Public gaining online access to courts

2014-03-16T00:00:00Z 2014-03-16T01:04:15Z Public gaining online access to courtsBy Bob Kasarda, (219) 548-4345

The push for electronic access to government services is stronger than ever, and big gains are being made in the courts.

This is translating into greater efficiency at the county level, while providing the public with free and easy access to details about cases.

Porter County jumped fully into the statewide Odyssey Case Management System in September, according to Porter County Clerk Karen Martin.

The county began the process two years earlier by placing traffic infractions and ordinance violations into the system, which reduced the workload in the busy clerk's office enough to allow employees to be shifted to other areas of need, she said.

The county then went live in the fall with the balance of its criminal and civil court cases.

"It's much easier to maneuver through," Martin said.

There was an initial learning curve that resulted in some difficulties among staff, Martin said. But after a few weeks, the new system was learned and has resulted in greater efficiency and streamlining in the office.

One example of this efficiency is the use of bar codes on the labels that are affixed to the front of each civil and criminal file, Martin said. Staff now use a bar scanner to read those codes, which eliminates the need to input information by hand while working with a folder.

Martin said the system also provides convenience to the public, who can check on the status of a case without having to travel to the courthouse.

"Accessibility to the public is phenomenal," she said.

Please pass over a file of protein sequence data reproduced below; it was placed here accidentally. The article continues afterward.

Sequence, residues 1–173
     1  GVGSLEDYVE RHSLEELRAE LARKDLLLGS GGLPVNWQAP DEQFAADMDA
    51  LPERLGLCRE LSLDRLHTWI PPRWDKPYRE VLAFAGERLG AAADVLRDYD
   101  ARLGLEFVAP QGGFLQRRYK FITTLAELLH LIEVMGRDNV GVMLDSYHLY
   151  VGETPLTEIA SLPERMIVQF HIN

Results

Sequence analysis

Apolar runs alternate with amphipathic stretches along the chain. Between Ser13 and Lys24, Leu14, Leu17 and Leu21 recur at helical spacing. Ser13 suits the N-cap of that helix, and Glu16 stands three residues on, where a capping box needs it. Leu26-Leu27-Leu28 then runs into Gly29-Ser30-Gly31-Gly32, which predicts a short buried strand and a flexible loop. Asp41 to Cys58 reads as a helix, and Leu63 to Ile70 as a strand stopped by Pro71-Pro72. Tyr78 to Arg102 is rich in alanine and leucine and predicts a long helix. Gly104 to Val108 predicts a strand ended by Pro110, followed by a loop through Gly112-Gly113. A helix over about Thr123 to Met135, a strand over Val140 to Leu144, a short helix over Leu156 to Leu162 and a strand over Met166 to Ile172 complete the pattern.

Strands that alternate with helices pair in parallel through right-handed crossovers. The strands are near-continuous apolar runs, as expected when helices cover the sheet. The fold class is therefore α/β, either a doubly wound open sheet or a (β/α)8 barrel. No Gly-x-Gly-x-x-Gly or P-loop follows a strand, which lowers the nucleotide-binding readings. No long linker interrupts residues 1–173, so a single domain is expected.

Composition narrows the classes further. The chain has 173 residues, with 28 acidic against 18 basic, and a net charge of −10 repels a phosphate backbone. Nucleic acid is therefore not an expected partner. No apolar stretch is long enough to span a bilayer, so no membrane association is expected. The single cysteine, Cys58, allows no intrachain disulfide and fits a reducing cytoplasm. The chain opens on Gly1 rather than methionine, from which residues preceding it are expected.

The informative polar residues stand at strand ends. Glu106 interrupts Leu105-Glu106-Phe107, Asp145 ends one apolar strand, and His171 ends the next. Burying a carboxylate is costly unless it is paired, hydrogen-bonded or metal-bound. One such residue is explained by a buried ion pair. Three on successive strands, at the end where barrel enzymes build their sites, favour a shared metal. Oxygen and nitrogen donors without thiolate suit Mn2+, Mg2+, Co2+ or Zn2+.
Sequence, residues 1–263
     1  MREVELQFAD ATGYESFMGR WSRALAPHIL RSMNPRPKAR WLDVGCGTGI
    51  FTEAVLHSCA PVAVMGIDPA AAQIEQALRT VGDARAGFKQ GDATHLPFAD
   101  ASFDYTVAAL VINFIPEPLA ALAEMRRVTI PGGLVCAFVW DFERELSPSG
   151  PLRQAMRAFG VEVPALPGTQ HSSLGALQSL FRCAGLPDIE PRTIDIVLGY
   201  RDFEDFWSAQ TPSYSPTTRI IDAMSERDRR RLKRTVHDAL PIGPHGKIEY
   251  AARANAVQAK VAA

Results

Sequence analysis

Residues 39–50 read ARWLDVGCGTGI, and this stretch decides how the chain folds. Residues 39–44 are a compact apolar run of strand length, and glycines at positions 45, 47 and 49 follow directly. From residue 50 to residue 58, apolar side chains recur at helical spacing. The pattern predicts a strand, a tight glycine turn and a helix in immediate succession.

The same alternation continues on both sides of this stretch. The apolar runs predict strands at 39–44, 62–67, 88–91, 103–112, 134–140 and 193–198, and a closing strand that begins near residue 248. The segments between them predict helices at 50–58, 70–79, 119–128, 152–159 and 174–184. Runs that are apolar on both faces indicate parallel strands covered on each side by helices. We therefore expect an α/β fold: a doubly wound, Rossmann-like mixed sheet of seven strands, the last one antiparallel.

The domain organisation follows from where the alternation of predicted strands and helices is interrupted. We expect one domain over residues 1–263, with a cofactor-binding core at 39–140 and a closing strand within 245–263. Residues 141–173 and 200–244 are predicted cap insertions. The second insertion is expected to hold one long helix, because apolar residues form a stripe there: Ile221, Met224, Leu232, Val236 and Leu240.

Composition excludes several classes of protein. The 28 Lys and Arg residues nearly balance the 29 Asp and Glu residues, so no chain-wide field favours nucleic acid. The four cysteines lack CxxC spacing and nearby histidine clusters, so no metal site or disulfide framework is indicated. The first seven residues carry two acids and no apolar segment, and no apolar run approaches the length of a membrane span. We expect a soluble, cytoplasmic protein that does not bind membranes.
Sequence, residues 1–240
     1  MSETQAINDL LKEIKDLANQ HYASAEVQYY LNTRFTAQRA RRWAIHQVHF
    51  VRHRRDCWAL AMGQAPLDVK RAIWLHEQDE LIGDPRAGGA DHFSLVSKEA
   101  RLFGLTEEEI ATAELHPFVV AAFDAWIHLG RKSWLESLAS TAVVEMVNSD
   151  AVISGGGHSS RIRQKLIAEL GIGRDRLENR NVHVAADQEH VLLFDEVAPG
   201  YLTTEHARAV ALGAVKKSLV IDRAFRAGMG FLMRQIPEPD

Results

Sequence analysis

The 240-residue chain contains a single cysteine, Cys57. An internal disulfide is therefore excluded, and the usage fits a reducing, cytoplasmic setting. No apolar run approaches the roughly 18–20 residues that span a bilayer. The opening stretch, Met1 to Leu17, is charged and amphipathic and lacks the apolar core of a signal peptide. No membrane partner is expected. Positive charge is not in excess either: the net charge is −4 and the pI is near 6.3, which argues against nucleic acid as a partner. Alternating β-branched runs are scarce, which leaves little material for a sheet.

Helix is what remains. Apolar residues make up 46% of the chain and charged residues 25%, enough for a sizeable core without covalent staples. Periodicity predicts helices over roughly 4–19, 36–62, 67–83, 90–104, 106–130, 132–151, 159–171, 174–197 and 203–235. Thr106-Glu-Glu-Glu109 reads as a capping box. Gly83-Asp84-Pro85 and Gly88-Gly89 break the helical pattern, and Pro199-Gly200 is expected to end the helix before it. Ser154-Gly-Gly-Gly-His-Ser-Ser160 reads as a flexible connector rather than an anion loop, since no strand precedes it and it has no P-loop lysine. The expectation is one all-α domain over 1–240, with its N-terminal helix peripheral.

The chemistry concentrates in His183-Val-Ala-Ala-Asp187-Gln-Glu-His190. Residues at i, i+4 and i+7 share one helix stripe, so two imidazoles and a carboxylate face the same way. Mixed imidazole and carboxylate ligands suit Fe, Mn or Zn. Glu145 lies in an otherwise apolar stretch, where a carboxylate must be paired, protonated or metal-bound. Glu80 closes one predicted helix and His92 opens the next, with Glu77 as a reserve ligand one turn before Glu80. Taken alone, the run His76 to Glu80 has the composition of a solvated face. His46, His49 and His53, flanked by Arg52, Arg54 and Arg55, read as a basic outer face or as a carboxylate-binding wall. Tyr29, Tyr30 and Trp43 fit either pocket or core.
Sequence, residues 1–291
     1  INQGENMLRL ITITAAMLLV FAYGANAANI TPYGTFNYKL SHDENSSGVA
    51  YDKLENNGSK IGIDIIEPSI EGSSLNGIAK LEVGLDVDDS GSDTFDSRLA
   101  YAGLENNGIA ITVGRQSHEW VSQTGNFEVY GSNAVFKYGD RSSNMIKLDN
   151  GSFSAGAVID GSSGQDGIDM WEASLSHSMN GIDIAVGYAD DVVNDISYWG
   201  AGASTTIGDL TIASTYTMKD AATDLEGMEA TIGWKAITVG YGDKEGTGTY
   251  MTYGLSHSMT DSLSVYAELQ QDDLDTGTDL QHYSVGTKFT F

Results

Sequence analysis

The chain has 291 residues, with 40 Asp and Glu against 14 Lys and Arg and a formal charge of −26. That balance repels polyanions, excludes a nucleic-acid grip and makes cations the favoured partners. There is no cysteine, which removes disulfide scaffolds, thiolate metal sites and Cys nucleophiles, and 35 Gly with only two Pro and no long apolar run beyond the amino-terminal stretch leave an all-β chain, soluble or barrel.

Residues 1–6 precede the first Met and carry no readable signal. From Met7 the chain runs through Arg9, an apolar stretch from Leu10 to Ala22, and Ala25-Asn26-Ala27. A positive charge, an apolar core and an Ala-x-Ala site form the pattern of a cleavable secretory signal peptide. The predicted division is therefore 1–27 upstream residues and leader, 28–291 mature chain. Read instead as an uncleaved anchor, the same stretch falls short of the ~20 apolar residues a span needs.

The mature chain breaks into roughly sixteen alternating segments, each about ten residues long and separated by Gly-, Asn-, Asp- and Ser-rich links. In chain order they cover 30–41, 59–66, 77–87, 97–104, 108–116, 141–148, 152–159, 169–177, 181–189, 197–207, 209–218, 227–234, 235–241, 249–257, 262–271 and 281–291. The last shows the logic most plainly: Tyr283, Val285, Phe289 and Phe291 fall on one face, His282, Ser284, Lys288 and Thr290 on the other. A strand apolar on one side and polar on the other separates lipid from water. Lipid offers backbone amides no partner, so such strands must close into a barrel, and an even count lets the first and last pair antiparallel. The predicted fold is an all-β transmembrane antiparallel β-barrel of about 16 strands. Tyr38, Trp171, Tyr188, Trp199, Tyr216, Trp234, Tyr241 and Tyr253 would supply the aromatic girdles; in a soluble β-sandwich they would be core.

The Odyssey Case Management System is a state-funded effort to bring uniformity to case management systems across Indiana, according to Mary DePrez, director of the Indiana Supreme Court's Judicial Technology and Automation Committee, which is overseeing the project.

The Odyssey Case Management System brings files together from various counties and provides not only free public access, but also links them with one another and with state agencies, she has said.

DePrez said 48 of the state's 92 counties already have some presence in the system, including LaPorte County. Discussion is underway with Lake County.

Lake County is currently operating its own on-line court docket system, said Marilyn Hrnjak, executive chief deputy in the Lake County clerk's office.

The system has increased efficiency, in part, by cutting down on the number of inquiries from the public, who now has access to the information on its own, she said.

"It seems to be, in my opinion, running quite smoothly," Hrnjak said.

While the Odyssey system provides online access to details of case activity, it does not yet offer an option for the public to look at scanned copies of the filed documents, DePrez said.

The vendor that provided the current system has another in the works that could one day be used if counties wish to make copies of documents available, she said. There are several issues that first must be worked out, she said, including how to handle the cost of storing all the information and what are the local hardware needs.

Franklin County became the first in the state in December to scan documents, DePrez said. But those copies are currently available for internal use alone.

The Odyssey system is funded from the automated record-keeping fee, which is one of the fees charged when a case is filed, she said.

The Odyssey Case Management System can be reached online at, Martin said.

The Lake County system is available at

Copyright 2014 All rights reserved. This material may not be published, broadcast, rewritten or redistributed.

Follow The Times



Who do you support for Porter County commissioner?

View Results